The achievements of such an active man are too numerous to list here. Let us nevertheless mention that he was one of Canada's leading bankers. We will recall his role as co-chair of the parliamentary commission on the political and constitutional future of Quebec. I had the pleasure of working with him when he was chairman of the no committee during the 1995 referendum.
You shall not be forgotten, Mr. Bélanger. Thanks a million for your outstanding contribution to the development of Canada. You remain the model of a hard-working, conscientious person striving for perfection.
The Speaker: I am sorry to interrupt the hon. member. The hon. member for Okanagan—Shuswap.
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Mr. Darrel Stinson (Okanagan—Shuswap, Ref.): Mr. Speaker, the first duty of any government is to protect its law-abiding citizens. Instead neither the province nor the federal government made sure that the men who went underground to mine coal at Westray came home safely each day.
According to the book The Westray Tragedy, CANMET recommended a more in-depth evaluation of the project. Over 100 men previously killed in the Foord coal seam should have been reason enough for governments to be extra cautious about Westray. So why did the federal government suddenly give its stamp of approval through loan guarantees? If the federal government had no worry for the safety of citizens working at Westray, why did it not even ensure that its investments could be recovered through long term safe and profitable operation of the Westray mine?
The report released yesterday reveals a chain of obvious preventable safety problems. As project financier, Ottawa must share the blame for turning the federally assisted job project into a tomb, a mine so unsafe that 11 bodies have yet to be recovered, and a whole region in Nova Scotia remains in mourning.
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Hon. Sheila Finestone (Mount Royal, Lib.): Mr. Speaker, a recent trip to the Middle East with the foreign affairs minister gave me occasion to see firsthand the devastation caused by the use of anti-personnel land mines, particularly to our peacekeepers and innocent children. Unlike other military weapons, land mines lie in wait buried in the ground for innocent unsuspecting victims, killing and maiming every 22 minutes every day.
The Ottawa round tables are planning the substance for concrete measurable actions to secure limbs, lands and lives. Ottawa is hosting more than 120 countries today ready to sign a treaty banning the use, production, transfer and stockpiling of anti-personnel mines, as well as to destroy existing stockpiles and to demine within 10 years.
All countries will have to co-operate with a compliance regime. The Canadian government and NGO organizations aim for a total ban of these mines. We must mobilize not simply to sign the treaty but to ratify it, to give aid to victims and proceed to demine, stopping these crimes against humanity.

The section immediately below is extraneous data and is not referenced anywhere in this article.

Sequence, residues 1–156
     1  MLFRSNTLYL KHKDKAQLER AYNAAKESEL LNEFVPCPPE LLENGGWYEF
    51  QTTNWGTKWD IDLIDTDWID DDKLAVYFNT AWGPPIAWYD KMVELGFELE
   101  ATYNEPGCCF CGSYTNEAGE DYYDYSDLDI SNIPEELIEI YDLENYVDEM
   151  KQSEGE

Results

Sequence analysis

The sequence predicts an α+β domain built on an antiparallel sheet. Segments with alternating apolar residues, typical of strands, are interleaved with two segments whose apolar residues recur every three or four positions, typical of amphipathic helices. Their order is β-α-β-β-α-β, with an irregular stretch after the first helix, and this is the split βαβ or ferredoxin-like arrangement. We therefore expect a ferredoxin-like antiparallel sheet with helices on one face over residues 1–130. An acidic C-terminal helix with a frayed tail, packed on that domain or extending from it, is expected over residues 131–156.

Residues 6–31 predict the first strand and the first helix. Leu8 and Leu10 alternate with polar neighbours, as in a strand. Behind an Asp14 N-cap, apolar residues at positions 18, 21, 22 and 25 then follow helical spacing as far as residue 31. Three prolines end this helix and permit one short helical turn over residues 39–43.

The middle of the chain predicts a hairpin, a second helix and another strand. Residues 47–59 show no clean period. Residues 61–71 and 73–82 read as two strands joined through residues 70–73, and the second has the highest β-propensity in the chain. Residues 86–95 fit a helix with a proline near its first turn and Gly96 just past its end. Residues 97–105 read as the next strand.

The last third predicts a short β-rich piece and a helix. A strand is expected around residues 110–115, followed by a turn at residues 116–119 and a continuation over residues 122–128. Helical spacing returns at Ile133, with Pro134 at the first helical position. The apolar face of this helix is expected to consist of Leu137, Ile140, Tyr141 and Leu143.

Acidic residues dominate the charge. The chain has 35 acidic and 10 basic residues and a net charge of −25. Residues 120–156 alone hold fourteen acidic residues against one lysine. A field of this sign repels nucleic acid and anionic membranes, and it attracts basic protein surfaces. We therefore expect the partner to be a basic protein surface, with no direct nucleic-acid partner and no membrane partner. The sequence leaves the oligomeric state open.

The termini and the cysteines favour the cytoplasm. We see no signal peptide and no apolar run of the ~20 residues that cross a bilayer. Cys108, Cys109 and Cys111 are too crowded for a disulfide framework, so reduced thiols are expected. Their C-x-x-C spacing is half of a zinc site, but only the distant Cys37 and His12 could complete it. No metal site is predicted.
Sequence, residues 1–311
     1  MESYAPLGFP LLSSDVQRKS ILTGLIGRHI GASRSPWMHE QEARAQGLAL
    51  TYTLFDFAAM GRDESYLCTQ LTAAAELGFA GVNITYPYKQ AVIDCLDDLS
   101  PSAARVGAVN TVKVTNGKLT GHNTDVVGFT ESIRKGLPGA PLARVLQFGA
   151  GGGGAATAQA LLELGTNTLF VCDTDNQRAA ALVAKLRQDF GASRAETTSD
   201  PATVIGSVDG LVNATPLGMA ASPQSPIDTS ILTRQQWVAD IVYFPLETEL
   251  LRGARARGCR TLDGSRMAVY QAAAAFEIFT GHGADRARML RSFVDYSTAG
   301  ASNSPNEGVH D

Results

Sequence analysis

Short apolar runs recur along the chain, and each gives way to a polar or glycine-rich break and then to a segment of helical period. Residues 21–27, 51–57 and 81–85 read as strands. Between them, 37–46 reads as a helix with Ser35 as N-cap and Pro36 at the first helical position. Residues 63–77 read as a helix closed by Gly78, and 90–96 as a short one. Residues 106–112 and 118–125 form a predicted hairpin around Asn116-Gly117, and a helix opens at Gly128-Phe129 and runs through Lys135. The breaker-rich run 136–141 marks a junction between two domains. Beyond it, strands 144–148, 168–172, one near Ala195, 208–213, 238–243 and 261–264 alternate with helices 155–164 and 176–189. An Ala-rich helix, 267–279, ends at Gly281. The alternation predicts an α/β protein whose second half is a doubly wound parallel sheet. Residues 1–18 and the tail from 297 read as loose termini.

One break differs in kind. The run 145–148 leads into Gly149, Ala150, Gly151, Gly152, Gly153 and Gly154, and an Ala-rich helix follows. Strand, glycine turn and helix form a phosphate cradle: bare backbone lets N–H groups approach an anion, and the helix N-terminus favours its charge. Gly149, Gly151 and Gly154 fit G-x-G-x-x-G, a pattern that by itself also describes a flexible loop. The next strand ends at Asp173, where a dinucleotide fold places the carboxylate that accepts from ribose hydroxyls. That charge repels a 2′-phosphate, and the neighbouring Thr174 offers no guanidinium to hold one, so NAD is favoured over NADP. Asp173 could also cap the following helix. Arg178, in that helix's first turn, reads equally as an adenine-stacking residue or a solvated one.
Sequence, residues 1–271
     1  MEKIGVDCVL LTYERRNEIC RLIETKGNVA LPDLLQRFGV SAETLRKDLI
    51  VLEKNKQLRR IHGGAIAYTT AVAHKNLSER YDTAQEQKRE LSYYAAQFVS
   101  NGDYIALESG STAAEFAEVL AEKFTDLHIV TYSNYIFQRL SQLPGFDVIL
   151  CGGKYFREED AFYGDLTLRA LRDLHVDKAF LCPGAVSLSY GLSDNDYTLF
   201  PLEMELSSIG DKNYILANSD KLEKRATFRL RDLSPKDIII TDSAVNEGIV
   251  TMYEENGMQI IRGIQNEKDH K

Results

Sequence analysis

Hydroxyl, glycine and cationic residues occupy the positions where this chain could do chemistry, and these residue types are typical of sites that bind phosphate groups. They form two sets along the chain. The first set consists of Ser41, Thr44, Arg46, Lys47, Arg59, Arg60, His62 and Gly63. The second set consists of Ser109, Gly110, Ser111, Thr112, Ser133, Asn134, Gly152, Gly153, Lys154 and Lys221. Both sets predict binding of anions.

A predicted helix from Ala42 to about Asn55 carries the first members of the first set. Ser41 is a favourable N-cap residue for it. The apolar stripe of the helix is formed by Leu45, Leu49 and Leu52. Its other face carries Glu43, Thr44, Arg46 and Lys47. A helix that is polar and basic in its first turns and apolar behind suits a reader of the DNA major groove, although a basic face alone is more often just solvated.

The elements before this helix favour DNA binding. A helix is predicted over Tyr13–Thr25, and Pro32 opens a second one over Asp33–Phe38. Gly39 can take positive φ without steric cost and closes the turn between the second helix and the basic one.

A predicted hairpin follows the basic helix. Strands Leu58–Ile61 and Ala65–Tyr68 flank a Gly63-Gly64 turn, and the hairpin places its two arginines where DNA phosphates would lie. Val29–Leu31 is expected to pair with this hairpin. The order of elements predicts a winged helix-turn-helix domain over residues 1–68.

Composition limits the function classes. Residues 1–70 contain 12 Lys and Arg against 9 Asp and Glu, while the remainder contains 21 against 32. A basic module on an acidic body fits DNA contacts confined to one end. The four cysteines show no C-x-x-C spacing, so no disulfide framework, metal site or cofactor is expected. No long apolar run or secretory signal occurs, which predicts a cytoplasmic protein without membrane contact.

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Mr. Denis Coderre (Bourassa, Lib.): Mr. Speaker, what a sight it was yesterday to see Lucien Bouchard and Jacques Parizeau together on the same podium. How nice it was to hear them say there were no divisions among the separatists.
When Lucien Bouchard condones Jacques Parizeau's statement about the ethnic vote in the last referendum by saying that his predecessor deserves respect, that he is a great democrat, it is true that there are no divisions. Parizeau-Bouchard, same difference. Not only do they want to divide Canada, but they also want to divide Quebec into classes or even into castes.
Well, Messrs. Parizeau and Bouchard, my Quebec has only one class of citizens: first class citizens. Did you get that? In Quebec, we only have first class citizens.
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Mr. Bill Blaikie (Winnipeg—Transcona, NDP): Mr. Speaker, this week when we are talking about Kyoto and the need to reduce greenhouse gas emissions, it is important for the government in particular to remember the role that a revitalization of rail transportation in this country could play in the reduction of greenhouse gas emissions.
I urge the government to take seriously many of the recommendations that were made a couple of weeks ago by the Railway Association of Canada. I do not agree with all of its recommendations but it certainly made some that the government should take very seriously.
One of the most useful ways we can combat greenhouse gas emissions in this country is to revitalize rail transportation, both on the freight side and the passenger side, and to reregulate our transportation system to favour rail transportation.
We are threatening public safety and polluting the environment. Let us get some of this freight off the highways and back on the rails where it belongs.
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Mr. Denis Paradis (Brome—Missisquoi, Lib.): Mr. Speaker, yesterday, PQ members witnessed a nice reunion when the former chairman of the yes side, Jacques Parizeau, shared the same stage as the current Premier of Quebec, Lucien Bouchard.